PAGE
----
2012-01-01

42

A cross-sectional study of Taenia solium in a multiple taeniid-endemic region reveals competition may be protective.  

PubMed

We conducted cross-sectional surveys for taeniasis and cysticercosis in humans, pigs, and dogs in four northern provinces of Laos. Human cysticercosis and taeniasis prevalence was 2.2% (95% confidence interval [CI] = 1.4-3.0%) and 8.4% (95% CI = 6.9-9.9%), respectively. Eating uncooked beef, being male, province of residence, age, and ethnicity were significant risk factors for taeniasis and only province of residence was a significant risk factor for cystiercosis. Thirty-five human tapeworms were recovered during the survey and 33 (94.3%) and 2 (5.7%) were identified as Taenia saginata and T. solium, respectively. Maximum-likelihood adjusted prevalence of T. solium and T. hydatigena in pigs was 4.2% (95% CI = 0.5-7.9%) and 55.9% (95% CI = 47.5-64.3%), respectively, and T. hydatigena taeniasis in dogs was 4.8% (95% CI = 0.0-11.3%). Taenia hydatigena and T. saginata were the most prevalent taeniids in the respective pig and human populations and together may suppress T. solium transmission. PMID:22855759

Conlan, James V; Vongxay, Khamphouth; Khamlome, Boualam; Dorny, Pierre; Sripa, Banchob; Elliot, Aileen; Blacksell, Stuart D; Fenwick, Stanley; Thompson, R C Andrew

2012-08-01

43

Combating Taenia solium cysticercosis in Southeast Asia an opportunity for improving human health and livestock production.  

PubMed

Cysticercosis caused by the zoonotic pork tapeworm Taenia solium is emerging as a constraint for the nutritional and economic well-being of small-holder farming communities in many underdeveloped areas of Southeast Asia. It occurs mainly in impoverished regions with inadequate sanitation, poor pig management practices and lack of meat inspection and control. Neurocysticercosis, the most serious form of the disease, is considered the most common parasitic infection of the human nervous system and the most frequent preventable cause of epilepsy in the developing world. Although theoretically easy to control and declared eradicable, T. solium taeniosis/cysticercosis remains a neglected disease. There is a lack of information and awareness of the burden and transmission of the disease at the regional and global level, partially explained by the unavailability of good quality diagnostic tools in field-applicable formats. These factors are further compounded by a lack of validated simple and sustainable intervention packages as part of integrated helminth control programmes. To date, T. solium taeniosis/cysticercosis has not been eliminated from any region by a specific programme in Southeast Asia, and no national control programmes are yet in place except in parts of the People's Republic of China. The presence, distribution, public health importance and economic relevance of cysticercosis need to be better documented in Southeast Asia in order to bring it to the attention of affected communities, decision-makers and funding bodies. A number of proven cost-effective intervention tools for combating cysticercosis appear to be available but need to be field validated. The Regional Network for Asian Schistosomiasis and Other Helminth Zoonoses (RNAS(+)) serves as an important regional 'driving force' for managing research, capacity building, knowledge and stakeholder engagement essential for controlling cysticercosis in the Southeast Asian region while ensuring that research efforts are integrated with regional needs for surveillance and control. PMID:20624534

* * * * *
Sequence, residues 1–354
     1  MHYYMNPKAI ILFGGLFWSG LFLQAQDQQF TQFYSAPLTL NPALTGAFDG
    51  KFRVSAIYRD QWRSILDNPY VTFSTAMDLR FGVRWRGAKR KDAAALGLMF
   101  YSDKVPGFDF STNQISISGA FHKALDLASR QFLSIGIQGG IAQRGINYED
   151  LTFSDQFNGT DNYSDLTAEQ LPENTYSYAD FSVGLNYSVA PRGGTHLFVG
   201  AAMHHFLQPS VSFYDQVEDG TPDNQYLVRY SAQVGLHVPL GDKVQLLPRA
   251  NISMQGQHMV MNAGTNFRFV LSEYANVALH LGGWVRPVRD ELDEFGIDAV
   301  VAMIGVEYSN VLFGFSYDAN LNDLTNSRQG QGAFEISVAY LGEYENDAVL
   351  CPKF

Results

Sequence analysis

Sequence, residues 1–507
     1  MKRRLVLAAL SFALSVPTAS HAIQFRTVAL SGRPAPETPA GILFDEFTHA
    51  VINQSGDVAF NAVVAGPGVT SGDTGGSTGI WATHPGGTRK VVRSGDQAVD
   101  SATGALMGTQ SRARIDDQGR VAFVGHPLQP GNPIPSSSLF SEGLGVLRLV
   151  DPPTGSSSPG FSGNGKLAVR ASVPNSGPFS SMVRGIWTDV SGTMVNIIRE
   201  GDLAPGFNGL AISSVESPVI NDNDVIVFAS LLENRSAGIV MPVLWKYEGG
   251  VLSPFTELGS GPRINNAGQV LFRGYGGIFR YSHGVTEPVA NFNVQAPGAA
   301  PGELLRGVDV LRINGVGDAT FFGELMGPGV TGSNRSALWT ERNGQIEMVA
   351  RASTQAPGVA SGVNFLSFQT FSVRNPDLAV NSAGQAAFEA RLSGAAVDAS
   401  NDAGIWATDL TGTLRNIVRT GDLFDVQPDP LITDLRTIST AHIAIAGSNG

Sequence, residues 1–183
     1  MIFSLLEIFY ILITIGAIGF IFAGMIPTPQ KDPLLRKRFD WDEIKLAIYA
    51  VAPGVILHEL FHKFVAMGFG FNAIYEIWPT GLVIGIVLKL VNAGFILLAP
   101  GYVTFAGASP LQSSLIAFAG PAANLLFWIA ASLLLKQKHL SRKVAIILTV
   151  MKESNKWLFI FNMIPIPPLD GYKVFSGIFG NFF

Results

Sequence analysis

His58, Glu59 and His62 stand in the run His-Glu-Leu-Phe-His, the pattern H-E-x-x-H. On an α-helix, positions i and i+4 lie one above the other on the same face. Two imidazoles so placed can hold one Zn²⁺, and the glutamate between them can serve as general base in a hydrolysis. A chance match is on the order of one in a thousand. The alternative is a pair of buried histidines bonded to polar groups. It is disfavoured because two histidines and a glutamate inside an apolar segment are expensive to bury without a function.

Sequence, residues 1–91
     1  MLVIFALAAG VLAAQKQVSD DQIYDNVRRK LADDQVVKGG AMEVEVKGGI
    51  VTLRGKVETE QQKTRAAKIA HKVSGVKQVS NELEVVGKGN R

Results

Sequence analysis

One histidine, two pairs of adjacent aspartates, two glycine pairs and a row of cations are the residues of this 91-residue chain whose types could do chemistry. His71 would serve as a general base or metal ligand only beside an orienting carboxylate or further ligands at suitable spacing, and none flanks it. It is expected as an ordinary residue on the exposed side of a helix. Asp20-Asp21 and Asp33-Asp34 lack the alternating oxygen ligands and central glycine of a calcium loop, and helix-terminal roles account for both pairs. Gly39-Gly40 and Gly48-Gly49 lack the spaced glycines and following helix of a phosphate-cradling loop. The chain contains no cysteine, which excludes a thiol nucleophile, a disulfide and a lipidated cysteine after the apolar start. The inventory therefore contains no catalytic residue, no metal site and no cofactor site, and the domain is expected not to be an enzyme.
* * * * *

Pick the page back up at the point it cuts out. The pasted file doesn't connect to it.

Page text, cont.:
Willingham, A Lee; Wu, Hai-Wei; Conlan, James; Satrija, Fadjar

2010-01-01

44

Steroid hormone production by parasites: the case of Taenia crassiceps and Taenia solium cysticerci.  

PubMed

Many examples of reciprocal endocrine interactions between parasites and hosts have been found in insects, arthropods and mammals. Cysticercosis produced by Taenia solium metacestodes is a widely distributed parasite infection that affects the human and the pig. Taenia crassiceps experimental murine cysticercosis has been used to explore the role of biological factors involved in host-parasite interactions. We had shown that T. crassiceps cysticercosis affects the serum concentration of steroid hormones and the reproduction behavior of the male mice host. In an effort to understand the biology of the parasite, we had investigated the parasite capacity to produce sex steroids. For this purpose, T. crassiceps cysticerci were incubated in the presence of different steroid precursors. TLC and recrystallization procedures showed that testosterone is produced from 3H-androstenedione in cysticerci. The conversion of 3H-testosterone to androstenedione, although present is much less significant. In addition, we had studied the production of testosterone by T. solium cysticerci. For this purpose, cysticerci were dissected from pork meat and incubated as above described. The results showed that T. solium cysticerci also produce testosterone. We have speculated about the importance of androgens in the growth of T. crassiceps cysticerci and found that the addition of the antiandrogen flutamide to the culture media of the parasites significantly decreased 3H-thymidine incorporation. We therefore hypothesized, that the ability of cysticerci to produce testosterone from steroid precursors might be important for the parasite growth and development. PMID:12943707

Romano, M C; Valdéz, R A; Cartas, A L; Gómez, Y; Larralde, C

2003-06-01

45

Genotoxicity induced by Taenia solium and its reduction by immunization with calreticulin in a hamster model of taeniosis.  

PubMed